Jason Roy and Joe Denly have changed places in the batting order, Denly moving up to open and Roy dropping to no 4, while Craig Overton of Somerset replaces Chris Woakes. While I think switching Roy and Denly was the least England could do in the agttempt to address the problems at the top of their batting order I do not believe it goes far enough (readers of this blog will be aware of my own radical solution, first proposed a year ago when Cook as approaching retirement and Jennings’ inadequacy was all too obvious), and I feel that a no 3 has also to be located somewhere, as Joe Root is clearly not relishing the position. Overton for Woakes is uncontroversial, though I would have preferred another Somerset man, Lewis Gregory, to have got the nod. Denly has a low initial bar to clear – get England’s batting off to a better start than they have been managing of late – a three-legged elephant would probably have a chance of clearing a bar that low. Having made their calls, England need to back their judgement, and if they win the toss they should choose to bat first and hope to score enough to put Australia under pressure. If the Denly-Roy switch works out (and it can hardly turn out worse than the previous arrangement!), then a big total is a genuine possibility. As England have been discovering lately it is hard if you are starting each innings effectively already two wickets down. If England win they will go to The Oval as favourites, a draw still leaves them with a chance (look up 1926, 1930, 1934 and 1953 for examples of an Ashes deciding victory happening at The Oval) but defeat means curtains. However, even a defeat might be used to benefit England in the long term – with the Ashes gone it would be an opportunity/ necessity for England to experiment (I would expect a second front line spinner to be named in the squad for that match regardless of the result of the upcoming one, because pitches in South London so often offer turn).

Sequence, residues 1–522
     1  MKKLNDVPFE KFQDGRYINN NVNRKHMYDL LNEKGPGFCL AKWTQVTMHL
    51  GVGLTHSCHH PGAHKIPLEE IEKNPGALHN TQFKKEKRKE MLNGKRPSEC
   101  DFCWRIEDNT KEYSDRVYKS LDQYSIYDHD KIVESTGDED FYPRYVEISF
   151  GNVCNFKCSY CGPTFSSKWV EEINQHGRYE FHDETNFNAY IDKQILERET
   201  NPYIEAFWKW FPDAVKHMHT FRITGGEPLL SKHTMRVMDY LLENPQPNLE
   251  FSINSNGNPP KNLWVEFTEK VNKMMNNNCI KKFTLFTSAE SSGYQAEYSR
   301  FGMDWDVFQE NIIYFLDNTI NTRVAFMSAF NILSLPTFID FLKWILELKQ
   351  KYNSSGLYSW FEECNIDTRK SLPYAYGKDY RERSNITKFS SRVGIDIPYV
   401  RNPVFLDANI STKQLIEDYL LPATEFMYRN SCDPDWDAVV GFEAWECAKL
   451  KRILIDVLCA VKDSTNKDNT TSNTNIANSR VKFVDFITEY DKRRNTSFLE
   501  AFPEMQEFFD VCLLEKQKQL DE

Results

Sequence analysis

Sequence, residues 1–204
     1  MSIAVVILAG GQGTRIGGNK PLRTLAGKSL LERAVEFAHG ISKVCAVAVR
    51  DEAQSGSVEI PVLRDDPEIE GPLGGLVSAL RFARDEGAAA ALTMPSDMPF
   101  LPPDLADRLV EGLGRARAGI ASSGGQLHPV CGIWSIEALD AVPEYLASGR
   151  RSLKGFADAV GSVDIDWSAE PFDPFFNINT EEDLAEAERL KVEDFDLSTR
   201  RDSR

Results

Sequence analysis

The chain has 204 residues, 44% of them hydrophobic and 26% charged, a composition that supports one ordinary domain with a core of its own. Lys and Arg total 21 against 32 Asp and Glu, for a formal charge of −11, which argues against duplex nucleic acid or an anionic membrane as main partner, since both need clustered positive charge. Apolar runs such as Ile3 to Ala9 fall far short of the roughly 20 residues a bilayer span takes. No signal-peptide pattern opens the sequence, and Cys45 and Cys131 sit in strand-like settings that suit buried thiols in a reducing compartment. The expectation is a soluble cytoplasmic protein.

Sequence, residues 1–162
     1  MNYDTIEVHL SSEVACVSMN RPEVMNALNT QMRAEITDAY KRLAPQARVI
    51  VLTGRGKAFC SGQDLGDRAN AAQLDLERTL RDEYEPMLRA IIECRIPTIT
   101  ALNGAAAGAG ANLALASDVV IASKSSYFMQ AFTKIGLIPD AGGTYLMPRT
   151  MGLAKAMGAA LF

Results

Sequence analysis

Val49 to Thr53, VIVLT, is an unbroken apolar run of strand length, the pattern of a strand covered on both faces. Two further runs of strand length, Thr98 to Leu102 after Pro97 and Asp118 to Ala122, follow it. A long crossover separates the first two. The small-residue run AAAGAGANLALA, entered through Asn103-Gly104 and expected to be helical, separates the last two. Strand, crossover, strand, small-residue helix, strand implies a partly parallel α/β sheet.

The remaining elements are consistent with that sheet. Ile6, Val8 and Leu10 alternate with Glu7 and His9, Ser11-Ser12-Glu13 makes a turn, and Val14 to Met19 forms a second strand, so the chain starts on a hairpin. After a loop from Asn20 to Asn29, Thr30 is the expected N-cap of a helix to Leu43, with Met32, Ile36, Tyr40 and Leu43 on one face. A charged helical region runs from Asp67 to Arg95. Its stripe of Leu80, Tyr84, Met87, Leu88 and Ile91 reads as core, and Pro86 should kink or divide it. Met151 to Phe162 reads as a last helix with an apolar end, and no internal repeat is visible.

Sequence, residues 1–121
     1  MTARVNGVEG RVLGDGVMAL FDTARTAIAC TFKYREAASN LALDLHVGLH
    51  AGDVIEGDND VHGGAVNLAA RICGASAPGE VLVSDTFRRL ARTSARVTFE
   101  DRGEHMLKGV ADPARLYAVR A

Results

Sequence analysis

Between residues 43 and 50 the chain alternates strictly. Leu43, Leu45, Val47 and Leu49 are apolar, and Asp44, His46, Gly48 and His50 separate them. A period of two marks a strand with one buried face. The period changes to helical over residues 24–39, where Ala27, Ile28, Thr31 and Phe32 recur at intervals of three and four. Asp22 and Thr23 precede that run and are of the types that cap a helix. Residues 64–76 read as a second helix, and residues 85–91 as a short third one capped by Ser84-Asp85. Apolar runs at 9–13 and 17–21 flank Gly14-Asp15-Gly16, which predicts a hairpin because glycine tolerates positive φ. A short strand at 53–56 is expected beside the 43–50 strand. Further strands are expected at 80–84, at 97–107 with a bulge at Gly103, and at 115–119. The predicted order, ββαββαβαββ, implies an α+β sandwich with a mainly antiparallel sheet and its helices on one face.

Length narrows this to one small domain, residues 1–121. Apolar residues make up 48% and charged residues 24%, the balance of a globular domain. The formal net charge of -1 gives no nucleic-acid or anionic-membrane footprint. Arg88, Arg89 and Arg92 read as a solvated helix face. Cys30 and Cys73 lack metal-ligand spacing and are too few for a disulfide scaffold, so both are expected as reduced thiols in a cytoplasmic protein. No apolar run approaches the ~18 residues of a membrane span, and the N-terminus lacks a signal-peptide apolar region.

A look at the conclusions of yesterday’s Royal London Cup matches and an analysis of my predictions at the half way stages.
Yesterday, when all the day fixtures in the Royal London Cup had reached their half-way stage I covered what was happening and made predictions for each result. Today I complete the story be revealing the results and mentioning noteworthy efforts from the second half of each game.
YESTERDAY’S ROYAL LONDON CUP MATCHES
This is how it all unfolded: